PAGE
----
By the time of the last glacial maximum 20kya (thousand years ago), 3% of the present volume of all our oceans had been transferred to the land by evaporation, with the water vapor condensing as snow over North America, Europe, and Asia, accumulating into continent wide massive ice sheets miles thick.  The oceans then were 400 feet lower than today.

Mankind not only survived the Pleistocene Ice Ages, he thrived. Indeed, they made him human. The hominids of East Africa, such as Australopithecus, had remained stable for several million years until the onset of the Pleistocene. Then, as it got colder and drier, and the forests became grasslands, our hominid predecessors’ brains got bigger. By 1.8mya, Homo erectus was making tools and fire, while the Australopitheci were extinct.

By the time we were Homo sapiens, acquired language, and made our break Out of Africa around 60kya, it was in the teeth of the last Pleistocene Ice Age – and we, as Cro-Magnon people in Europe flourished. When the Ice Age ended and the glaciers across Europe retreated about 15kya, people began settling in villages and gathering, if not growing, grains. Then disaster struck.

12,800 years ago, the global climate suddenly changed for the worse. Within a few decades, one person’s lifetime, global temperatures dropped up to 12F. All the villages and sedentary life vanished, as people retreated into southern Europe. Suddenly, 1,200 years later, the cold ended as abruptly as it began, within a person’s lifetime, 11,600 years ago.

Paleontologists call this 12 centuries of cold the “Younger Dryas,” and don’t know what caused it. We were poised to create agriculture-based civilization and the Younger Dryas stopped us in our tracks. It would take a couple of millennia to begin to recover, with settlements, growing crops and raising animals emerging 9,000 years ago in what is now southwestern Turkey at the top of what was to become the Fertile Crescent.

It would take 2 more millennia for the first city to emerge – Eridu on the lower Euphrates near its confluence with the Tigris in southern Mesopotamia around 5,000 BC, and the first civilization to emerge, that of Sumer.

We call the time after the fall of Rome the Dark Ages, which most folks think ended with the Renaissance in the mid-1400s. The Dark Ages actually ended and the Renaissance begun hundreds of years earlier, thanks to three centuries of exceptionally benign weather known as the Medieval Warm Period (1000-1300 AD).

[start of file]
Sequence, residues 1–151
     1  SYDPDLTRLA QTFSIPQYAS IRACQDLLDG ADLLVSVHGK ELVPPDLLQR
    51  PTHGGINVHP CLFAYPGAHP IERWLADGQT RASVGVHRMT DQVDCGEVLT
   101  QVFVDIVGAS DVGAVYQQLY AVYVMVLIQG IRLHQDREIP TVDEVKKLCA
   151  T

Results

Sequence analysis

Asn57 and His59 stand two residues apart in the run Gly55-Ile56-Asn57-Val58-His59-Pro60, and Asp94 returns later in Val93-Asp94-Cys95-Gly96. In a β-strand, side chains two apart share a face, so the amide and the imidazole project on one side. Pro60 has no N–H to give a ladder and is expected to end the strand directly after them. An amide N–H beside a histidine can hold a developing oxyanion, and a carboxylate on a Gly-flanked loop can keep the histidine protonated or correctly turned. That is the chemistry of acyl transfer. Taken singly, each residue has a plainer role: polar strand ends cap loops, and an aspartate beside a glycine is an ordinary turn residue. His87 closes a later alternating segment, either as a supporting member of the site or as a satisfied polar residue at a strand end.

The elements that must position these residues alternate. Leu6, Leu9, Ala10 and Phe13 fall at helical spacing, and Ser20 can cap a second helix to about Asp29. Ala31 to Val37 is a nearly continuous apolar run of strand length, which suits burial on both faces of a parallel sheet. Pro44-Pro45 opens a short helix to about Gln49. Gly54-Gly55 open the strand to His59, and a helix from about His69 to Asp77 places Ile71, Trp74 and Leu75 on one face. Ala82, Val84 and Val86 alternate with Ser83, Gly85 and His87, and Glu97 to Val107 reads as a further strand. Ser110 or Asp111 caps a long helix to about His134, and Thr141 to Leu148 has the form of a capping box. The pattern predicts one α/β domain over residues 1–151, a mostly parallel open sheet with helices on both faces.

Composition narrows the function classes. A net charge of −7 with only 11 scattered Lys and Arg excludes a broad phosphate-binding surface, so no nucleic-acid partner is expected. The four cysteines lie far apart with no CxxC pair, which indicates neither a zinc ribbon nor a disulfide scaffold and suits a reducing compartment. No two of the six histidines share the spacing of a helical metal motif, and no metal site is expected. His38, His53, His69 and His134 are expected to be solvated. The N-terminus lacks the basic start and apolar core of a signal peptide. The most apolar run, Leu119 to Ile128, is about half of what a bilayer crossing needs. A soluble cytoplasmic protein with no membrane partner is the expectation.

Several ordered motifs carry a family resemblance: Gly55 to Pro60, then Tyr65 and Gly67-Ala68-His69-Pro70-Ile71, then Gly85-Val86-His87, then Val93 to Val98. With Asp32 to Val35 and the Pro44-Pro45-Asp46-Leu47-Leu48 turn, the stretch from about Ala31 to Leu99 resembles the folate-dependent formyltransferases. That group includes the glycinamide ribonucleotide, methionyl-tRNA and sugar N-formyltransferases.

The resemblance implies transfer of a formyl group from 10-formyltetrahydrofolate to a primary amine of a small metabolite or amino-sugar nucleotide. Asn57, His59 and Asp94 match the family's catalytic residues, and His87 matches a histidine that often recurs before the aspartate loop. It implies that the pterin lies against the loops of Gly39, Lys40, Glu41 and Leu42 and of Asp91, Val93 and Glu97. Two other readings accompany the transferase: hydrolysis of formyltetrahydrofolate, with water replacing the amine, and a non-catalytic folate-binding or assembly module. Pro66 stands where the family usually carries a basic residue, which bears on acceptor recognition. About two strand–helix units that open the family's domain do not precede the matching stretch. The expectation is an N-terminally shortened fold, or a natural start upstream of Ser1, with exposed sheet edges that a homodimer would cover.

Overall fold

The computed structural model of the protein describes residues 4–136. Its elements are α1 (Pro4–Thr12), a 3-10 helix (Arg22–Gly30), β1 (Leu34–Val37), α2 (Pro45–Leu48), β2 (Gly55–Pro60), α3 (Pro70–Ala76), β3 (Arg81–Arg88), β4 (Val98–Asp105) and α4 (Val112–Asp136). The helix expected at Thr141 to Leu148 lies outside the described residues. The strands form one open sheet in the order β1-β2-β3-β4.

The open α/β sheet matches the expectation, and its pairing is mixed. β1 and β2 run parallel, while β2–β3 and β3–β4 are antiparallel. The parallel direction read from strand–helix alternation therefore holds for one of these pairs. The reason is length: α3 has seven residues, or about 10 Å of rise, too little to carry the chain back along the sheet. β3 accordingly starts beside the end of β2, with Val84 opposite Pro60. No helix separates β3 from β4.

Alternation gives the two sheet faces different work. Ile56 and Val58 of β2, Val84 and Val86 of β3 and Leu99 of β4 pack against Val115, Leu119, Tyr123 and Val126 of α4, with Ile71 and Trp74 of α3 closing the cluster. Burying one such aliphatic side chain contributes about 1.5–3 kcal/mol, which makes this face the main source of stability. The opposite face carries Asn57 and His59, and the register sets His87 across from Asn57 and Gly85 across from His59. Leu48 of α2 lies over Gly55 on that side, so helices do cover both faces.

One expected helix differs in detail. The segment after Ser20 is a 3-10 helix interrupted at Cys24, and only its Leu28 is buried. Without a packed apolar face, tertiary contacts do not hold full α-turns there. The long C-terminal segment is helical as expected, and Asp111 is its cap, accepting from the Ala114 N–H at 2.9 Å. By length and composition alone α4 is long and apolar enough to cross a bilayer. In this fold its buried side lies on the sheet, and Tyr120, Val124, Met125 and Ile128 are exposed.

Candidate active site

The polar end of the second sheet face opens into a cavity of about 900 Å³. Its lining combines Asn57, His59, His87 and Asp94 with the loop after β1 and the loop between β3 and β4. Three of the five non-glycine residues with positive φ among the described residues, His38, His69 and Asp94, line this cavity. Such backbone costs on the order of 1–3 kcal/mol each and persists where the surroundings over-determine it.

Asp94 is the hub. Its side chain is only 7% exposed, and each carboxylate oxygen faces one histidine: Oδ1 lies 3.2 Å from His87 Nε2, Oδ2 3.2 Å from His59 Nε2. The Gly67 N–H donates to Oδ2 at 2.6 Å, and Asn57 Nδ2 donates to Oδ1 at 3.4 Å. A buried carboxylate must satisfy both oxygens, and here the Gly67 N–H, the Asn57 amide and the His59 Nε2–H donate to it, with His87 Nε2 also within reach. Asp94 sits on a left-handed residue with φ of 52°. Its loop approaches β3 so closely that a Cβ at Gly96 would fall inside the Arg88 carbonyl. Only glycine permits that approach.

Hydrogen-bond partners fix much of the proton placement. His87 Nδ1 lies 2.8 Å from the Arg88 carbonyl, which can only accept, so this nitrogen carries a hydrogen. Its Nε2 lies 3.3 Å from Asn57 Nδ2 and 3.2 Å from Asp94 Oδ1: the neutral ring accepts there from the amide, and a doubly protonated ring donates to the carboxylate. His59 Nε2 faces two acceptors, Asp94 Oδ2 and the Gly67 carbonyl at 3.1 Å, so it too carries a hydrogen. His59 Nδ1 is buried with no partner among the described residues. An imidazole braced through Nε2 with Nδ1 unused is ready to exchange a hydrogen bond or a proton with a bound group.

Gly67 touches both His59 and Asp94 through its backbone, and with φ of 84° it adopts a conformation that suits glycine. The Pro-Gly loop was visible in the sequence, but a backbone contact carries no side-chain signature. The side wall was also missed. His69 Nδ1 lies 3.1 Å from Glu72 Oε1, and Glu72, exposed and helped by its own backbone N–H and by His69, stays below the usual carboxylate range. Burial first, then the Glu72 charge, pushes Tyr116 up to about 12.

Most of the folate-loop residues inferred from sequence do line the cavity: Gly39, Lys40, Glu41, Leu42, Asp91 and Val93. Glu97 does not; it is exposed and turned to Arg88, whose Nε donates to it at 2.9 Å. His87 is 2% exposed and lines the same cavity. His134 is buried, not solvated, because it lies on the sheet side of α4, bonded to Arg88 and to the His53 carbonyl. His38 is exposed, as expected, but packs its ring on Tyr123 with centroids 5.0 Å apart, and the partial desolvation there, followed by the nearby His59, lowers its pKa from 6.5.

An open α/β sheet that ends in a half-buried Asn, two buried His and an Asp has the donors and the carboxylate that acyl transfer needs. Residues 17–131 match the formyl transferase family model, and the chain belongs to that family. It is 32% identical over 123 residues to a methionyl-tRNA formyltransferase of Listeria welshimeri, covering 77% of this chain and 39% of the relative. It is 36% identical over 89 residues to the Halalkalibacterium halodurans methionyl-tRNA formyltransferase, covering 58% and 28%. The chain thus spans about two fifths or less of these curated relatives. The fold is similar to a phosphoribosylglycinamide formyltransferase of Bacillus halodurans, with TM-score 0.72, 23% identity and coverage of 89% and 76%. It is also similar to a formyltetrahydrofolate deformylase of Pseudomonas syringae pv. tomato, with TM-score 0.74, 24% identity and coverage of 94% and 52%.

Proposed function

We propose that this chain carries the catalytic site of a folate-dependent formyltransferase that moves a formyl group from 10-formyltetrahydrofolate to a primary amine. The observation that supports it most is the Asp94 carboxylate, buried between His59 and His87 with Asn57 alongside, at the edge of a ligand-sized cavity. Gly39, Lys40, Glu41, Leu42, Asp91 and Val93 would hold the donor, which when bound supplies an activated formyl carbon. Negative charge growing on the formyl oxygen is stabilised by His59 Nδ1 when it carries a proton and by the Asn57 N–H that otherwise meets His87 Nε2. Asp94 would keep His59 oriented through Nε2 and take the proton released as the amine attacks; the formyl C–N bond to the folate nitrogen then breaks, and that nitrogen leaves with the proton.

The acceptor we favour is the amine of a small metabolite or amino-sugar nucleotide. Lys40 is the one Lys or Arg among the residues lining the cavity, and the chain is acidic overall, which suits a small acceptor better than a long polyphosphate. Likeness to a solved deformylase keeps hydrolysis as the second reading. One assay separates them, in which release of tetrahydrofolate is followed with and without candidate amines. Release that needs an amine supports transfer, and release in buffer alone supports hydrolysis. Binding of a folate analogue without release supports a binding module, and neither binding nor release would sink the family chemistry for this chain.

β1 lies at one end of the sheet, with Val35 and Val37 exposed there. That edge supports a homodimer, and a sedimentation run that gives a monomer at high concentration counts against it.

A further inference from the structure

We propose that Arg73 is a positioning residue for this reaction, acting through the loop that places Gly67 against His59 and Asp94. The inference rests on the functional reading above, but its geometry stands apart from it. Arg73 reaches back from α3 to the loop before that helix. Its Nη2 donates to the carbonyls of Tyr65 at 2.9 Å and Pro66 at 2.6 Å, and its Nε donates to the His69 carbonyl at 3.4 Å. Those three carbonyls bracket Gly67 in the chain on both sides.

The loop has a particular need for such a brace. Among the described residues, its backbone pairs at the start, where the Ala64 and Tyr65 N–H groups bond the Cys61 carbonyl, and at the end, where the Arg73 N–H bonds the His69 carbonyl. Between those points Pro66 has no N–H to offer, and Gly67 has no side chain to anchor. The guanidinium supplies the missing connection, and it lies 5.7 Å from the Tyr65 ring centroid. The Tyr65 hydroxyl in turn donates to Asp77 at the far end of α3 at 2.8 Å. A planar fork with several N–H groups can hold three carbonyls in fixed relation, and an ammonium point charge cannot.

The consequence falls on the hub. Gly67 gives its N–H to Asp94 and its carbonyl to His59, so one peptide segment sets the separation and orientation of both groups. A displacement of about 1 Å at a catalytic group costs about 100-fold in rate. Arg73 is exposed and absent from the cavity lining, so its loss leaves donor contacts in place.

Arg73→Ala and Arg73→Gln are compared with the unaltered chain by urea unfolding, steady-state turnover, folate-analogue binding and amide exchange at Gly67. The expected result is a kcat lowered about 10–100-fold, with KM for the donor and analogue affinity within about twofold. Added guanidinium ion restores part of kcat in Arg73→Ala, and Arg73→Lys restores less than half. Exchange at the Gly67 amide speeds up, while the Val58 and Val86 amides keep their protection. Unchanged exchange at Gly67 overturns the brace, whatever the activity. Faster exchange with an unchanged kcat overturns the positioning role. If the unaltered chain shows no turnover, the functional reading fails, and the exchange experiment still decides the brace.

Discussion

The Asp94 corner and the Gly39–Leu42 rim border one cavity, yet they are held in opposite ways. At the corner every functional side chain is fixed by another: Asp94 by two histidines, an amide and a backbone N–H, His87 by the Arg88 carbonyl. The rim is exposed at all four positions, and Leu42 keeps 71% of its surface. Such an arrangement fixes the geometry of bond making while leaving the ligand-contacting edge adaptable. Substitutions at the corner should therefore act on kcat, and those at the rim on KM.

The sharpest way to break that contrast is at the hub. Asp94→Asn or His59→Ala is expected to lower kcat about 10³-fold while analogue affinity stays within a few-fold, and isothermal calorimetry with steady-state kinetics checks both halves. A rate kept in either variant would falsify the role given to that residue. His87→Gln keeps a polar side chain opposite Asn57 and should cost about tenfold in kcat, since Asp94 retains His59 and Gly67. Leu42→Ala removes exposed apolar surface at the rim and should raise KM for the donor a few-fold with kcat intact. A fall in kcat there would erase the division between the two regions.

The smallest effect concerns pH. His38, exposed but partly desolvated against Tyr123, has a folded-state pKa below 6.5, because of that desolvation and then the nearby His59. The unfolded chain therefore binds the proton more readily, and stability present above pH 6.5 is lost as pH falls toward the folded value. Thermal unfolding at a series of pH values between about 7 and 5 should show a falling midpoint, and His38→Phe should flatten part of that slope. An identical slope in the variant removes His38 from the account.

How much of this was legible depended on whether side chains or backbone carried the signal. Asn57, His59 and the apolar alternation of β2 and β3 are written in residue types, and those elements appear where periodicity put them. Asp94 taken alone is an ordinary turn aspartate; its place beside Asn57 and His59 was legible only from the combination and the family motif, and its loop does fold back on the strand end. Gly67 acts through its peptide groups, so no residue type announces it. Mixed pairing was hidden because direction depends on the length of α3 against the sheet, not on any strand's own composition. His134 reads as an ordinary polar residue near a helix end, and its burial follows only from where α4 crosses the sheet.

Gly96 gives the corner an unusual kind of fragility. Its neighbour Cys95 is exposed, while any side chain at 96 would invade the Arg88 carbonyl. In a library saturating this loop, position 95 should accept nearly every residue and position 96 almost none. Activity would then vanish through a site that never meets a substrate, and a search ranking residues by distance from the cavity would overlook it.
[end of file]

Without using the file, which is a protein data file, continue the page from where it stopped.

Vinyards flourished in England, infuriating the French who thought they had a monopoly on wine. Greenland was so green around the edges that the Vikings established large settlements. Crops were abundant, peasants rarely went hungry, there was so much prosperity that kings could afford Crusades to recapture Christianity’s Holy Land from Moslems who had stolen it. Wealthy patrons could finance the construction of the most magnificent and expensive buildings the world had ever seen – Gothic Cathedrals such as in Chartres or Rheims that leave us awestruck to this day.

Suddenly, right around the year 1300, this all came to a halt as temperatures fell off a cliff. Crops failed, people and livestock succumbed to hunger and disease, kingdoms succumbed to anarchy. By the 1320s, countless villages throughout Europe had been abandoned. Constant storms wiped out so much agricultural land that in many places in Europe, the population was cut in half.

When the Black Death of bubonic plague hit in 1380, millions of people, weakened by hunger and crowded into towns begging for food, died. England and France fought so endlessly the struggle was called the 100 Years’ War (actually, it lasted from 1337-1453).

This climate disaster has since been dubbed the Little Ice Age. It lasted 550 years – 1300 to 1850 – almost half as long as the Younger Dryas. Like previous times, it was interspersed with periods of warm weather that never lasted long and would start and stop suddenly. The coldest period was between 1600 and 1800, during which there were times that glaciers in Switzerland were advancing daily as far as one could fire a musket shot.

Yet the Little Ice Age did not prevent the Renaissance – it only postponed it. Just like Cro-Magnons created mankind’s first culture – the artistic genius of cave art at e.g., Altamira, Lascaux, and Chauvet – in the teeth of the Pleistocene Ice Age, so the greatest artistic genius in human history – e.g., Michelangelo, Leonardo, and Raphael – bloomed in the Little Ice Age.

The Little Ice Age witnessed the Age of Exploration, with the indomitable courage of men like Da Gama, Columbus, and Cortez spreading Western Civilization across the globe. It witnessed the Age of Science, with men like Newton explaining the creation of Providence through immutable physical laws.  It witnessed the greatest act of political genius in history, the creation of America by Washington, Jefferson, Franklin, and their Founder colleagues.

There is so much more that was achieved during the Little Ice Age – the Industrial Revolution, for example – that it stands as a stunning triumph of the human spirit, of what we are capable of in the face of adversity.

We need to recall this spirit more than ever today. With unmatched venality and vicious hatred, Zero [Obama] is determined to plunge America into a political ice age. With unmatched corruption and stupidity, scientists are determined to discredit the supreme achievement of Science by selling their souls for a government grant that “proves” Warmism.